PALM BEACH GARDENS, Fla. — For the first time Wednesday, Rory McIlroy spoke at length about quitting the Honda Classic in the middle of Round 2 last year, stating that it was a "difficult time" for him on and off the course and that "it wasn't my finest hour."
He admitted that he feared he "was going to shoot 90."
A year ago, McIlroy had just signed a mega-deal with Nike and was in the midst of changing managers. He was ranked No. 1 in the world but had recently missed the cut in Abu Dhabi and lost in the first round of the WGC-Accenture Match Play Championship.
His frustration peaked at PGA National after he hit his second shot on his ninth hole into the water. He walked off the course and withdrew, later citing a toothache.
"My game wasn't where I wanted to be," he said Wednesday. "My mental state wasn't quite where I needed it to be. There were a few things that were occupying my thoughts that probably didn't need to be and shouldn't have been ...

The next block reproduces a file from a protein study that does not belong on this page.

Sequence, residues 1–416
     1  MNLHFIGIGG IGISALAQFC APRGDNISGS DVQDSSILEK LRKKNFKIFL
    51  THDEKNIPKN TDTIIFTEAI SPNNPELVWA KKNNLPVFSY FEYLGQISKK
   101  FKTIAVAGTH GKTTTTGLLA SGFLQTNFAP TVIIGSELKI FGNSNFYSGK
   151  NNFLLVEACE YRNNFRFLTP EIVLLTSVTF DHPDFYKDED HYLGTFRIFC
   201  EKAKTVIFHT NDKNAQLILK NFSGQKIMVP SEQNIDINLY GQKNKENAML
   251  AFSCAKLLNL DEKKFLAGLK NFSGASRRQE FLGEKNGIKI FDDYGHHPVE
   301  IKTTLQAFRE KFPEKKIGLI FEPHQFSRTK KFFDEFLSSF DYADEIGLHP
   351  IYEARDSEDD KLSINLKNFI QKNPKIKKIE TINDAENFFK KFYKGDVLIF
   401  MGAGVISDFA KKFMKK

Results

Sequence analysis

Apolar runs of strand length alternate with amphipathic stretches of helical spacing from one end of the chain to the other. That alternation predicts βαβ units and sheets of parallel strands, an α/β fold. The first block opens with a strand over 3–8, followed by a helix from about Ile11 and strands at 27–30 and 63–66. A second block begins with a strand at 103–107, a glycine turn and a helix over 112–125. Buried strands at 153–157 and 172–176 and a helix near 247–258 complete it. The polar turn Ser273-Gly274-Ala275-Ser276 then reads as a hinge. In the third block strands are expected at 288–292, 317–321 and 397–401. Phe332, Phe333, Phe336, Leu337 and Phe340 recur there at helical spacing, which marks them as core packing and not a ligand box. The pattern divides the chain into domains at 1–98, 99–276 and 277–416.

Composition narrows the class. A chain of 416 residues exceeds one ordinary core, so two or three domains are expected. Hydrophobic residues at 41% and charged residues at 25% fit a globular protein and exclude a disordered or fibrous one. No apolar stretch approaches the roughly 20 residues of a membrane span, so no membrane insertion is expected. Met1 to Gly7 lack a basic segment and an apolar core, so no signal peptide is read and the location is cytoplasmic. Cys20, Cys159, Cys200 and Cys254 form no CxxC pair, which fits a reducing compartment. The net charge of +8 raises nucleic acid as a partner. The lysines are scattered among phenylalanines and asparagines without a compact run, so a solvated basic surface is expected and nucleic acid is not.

"You should never walk off the golf course, no matter how bad things are. But I just - it was just one of those days. I just felt like I couldn't cope with anything more, especially not the way I was headed. I was going to shoot 90. (That's) the last thing I needed."
He said he frustrated but not embarrassed.
"It's not embarrassing because a lot of people in the same situation might have done the same thing," he said. "But I've learned from it and moved on."
McIlroy, who played the following week at Doral, where he finished eighth, said he didn't realize the significance of what he had done until days later.
"A missed cut wouldn't have been that bad instead of a withdrawal," he said.
McIlroy, now ranked No. 8, said his game and mental state have improved greatly in the last 12 months. He has adjusted to his Nike equipment, become engaged to longtime girlfriend Caroline Wozniacki and settled into his new house in Palm Beach Gardens.
He said the Honda now feels like "a hometown event."
"I've been in the house now just over a year, and every time I come here now I feel like I'm home, which is a great feeling to have," he said. "I felt like, for the better part of two years, I didn't really have a home; I was sort of a traveling nomad."